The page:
Assisted living abuse might lead to criminal offense charges, particularly if it involves adults aged 60 or older or those who have a disability.
If you or a loved one suspects abuse is taking place in an assisted living community, you will want to check your state’s laws to confirm how law enforcement and other authorities handle elder abuse cases.
The need to protect senior adults and people with disabilities from any form of abuse is widely recognized. However, as the U.S. Department of Justice (DOJ) notes, elder abuse laws vary across states and jurisdictions.
Keep in mind that if the assisted living site you are concerned about is in a different state from where you live, the laws regarding the handling of and penalties for abuse cases may differ there.
Recognizing Elder Abuse
The DOJ says addressing elder abuse in all forms is a priority, and it relies on states and local entities to help its mission.
Assisted living communities offer residents the comforts of home while also giving them the space to live on their own. Staff members are on hand to help them with bathing, cooking, housekeeping, errands, taking medications, and other essential tasks as needed.
Not everyone who lives in assisted living has trouble with mobility, toileting, and other needs. However, some do, and there also may be residents whose cognitive abilities are compromised due to dementia.
Because of their condition, individuals with dementia may not be able to track their finances or remember if someone abused them, making them vulnerable to mistreatment.
Many trusted staff meet or exceed the standard of care when helping assisted living residents manage their daily lives. However, because abuse is prevalent among older adults, it can happen wherever they are, even in an assisted living environment.
What Constitutes Elder Abuse
Overall, any behavior or condition that harms an individual is abuse. Elder abuse can be:
- Physical Abuse. Harsh, rough treatment that results in pain, injury, or impairment of any kind is physical abuse.
- Sexual abuse. This form of abuse involves any unwanted, non-consensual sexual contact or exposure to sexual content.
- Emotional abuse. Bullying, harassment, degradation, stalking, insults, and threats all constitute emotional abuse. A victim could feel afraid, stressed, or suffer other psychological harm because of mistreatment. Ignoring someone or isolating them also falls in this category.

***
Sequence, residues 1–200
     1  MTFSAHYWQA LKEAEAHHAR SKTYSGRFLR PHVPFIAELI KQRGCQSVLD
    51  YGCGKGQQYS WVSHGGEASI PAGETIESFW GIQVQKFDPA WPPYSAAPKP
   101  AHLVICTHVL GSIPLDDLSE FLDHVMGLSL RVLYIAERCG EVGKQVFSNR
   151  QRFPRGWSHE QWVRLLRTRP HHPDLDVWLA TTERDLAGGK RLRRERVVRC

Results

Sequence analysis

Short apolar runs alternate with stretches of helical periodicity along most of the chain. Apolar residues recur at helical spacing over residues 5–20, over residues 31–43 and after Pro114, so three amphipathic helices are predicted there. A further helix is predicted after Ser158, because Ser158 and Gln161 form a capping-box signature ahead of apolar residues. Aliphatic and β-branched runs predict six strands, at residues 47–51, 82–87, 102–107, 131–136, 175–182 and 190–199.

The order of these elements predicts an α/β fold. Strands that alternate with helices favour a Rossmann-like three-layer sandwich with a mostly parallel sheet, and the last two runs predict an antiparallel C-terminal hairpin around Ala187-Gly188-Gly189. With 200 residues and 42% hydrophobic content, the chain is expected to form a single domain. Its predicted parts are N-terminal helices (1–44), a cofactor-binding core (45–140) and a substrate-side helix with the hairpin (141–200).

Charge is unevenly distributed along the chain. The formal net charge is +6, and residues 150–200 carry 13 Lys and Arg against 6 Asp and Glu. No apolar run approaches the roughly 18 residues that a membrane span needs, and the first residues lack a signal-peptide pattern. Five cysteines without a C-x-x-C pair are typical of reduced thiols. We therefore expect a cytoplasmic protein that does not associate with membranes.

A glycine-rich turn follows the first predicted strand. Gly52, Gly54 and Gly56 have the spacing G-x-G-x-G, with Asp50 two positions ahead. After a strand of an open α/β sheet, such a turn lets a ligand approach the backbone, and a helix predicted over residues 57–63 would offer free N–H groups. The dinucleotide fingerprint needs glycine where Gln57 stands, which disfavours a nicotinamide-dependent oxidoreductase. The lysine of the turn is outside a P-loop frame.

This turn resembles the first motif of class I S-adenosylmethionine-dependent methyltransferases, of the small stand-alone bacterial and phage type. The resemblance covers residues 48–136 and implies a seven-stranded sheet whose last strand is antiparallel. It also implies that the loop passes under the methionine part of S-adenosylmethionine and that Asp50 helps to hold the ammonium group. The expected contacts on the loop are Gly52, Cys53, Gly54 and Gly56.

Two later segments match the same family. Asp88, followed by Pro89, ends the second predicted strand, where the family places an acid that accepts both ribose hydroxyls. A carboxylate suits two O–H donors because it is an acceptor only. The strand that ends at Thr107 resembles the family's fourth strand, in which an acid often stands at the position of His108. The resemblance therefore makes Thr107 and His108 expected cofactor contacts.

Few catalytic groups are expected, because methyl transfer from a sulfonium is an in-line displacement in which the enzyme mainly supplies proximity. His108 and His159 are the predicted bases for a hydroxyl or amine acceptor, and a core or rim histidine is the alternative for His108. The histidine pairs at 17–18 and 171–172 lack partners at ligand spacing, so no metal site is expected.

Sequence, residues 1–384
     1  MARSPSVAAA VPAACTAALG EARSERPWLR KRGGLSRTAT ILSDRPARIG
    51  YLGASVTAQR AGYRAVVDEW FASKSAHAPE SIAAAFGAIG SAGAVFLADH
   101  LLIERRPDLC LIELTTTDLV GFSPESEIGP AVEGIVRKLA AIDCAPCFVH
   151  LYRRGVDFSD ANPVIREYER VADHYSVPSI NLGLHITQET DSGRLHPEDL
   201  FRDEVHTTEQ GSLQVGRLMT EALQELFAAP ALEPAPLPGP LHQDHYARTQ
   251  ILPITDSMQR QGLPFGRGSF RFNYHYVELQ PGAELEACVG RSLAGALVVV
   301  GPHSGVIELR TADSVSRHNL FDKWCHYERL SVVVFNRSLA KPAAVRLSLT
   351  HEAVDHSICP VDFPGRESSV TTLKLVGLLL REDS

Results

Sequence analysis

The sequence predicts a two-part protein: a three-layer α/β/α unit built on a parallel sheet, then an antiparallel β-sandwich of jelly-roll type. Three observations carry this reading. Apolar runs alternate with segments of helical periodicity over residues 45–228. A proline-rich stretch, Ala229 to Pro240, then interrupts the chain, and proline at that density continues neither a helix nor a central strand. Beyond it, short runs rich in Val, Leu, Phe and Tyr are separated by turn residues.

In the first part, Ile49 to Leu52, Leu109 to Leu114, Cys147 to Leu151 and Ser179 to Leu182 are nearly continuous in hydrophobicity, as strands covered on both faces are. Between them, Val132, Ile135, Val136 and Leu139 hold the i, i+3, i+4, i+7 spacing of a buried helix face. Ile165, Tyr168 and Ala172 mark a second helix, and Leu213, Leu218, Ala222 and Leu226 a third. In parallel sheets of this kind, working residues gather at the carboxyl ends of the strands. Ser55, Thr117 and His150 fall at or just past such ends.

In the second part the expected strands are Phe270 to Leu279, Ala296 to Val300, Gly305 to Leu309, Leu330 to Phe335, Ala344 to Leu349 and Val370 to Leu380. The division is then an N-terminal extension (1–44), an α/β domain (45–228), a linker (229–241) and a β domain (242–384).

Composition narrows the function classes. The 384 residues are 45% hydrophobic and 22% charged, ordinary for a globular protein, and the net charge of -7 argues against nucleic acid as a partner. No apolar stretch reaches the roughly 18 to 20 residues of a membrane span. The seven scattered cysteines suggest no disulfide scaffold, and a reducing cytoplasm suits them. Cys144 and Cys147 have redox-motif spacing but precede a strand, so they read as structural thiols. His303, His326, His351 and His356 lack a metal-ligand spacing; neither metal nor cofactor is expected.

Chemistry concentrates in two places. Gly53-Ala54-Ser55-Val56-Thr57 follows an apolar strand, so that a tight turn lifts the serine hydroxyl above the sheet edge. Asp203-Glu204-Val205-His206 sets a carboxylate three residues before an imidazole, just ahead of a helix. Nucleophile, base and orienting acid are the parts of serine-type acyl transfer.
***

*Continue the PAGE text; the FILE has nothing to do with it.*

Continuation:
- Neglect and abandonment. This form of abuse involves intentionally or unintentionally failing to provide essential care for a person who needs it.
- Financial exploitation. Abuse involving the unauthorized or improper use of someone’s money, assets, or property is illegal.
All of the forms of abuse described above are illegal. If you know or suspect that abuse has occurred, report it and follow through with the authorities in your area. You can call the Adult Protective Services (APS) agency or the equivalent in your state or seek help from law enforcement.
If a thorough investigation is done according to your state’s laws, assisted living abuse could be a criminal offense.
For a free legal consultation, call (800) 842-6336
Taking Legal Action in Assisted Living Abuse Cases
If you or a loved one is recovering from abuse that occurred while residing in an assisted living facility, you may also be able to take legal action against the facility and other parties to hold them legally accountable.
You can hire a personal injury attorney who can help you investigate the facility to determine what happened and who is responsible. Any evidence you have can give your attorney a place to start building your case. If you or your attorney can prove the elements of negligence, you could seek to recover financial awards for medical expenses, pain and suffering, emotional distress, and other damages.
The four elements to prove negligence are:
- Duty of care. This involves proving the facility owed you or your loved one a level of care that is reasonable to expect under the circumstances.
- Breach of duty. This element requires proving that the facility failed to meet its duty, as outlined above.
- Damages. As a result of the breach, you or your loved one suffered damages, such as your injuries, financial losses, and other kinds of losses, if applicable.
- Causation. This requires you to prove that the injuries and losses you or your loved one suffered are directly tied to the damages that stem from the breach.
Get Legal Help for a Personal Injury Case Now
Pintas & Mullins Law Firm wants to help you or your loved one seek justice and financial awards for the losses you endured due to assisted living abuse. We do not shy away from tough cases and believe the defendant should pay for the treatment needed for you to recover, not you.
Call our legal team today for a free consultation at (800) 842-6336. You pay no money upfront, so if you decide to hire us, we can get started on your case. We work on a contingency fee basis and take our payment from the settlement you receive if you win your case.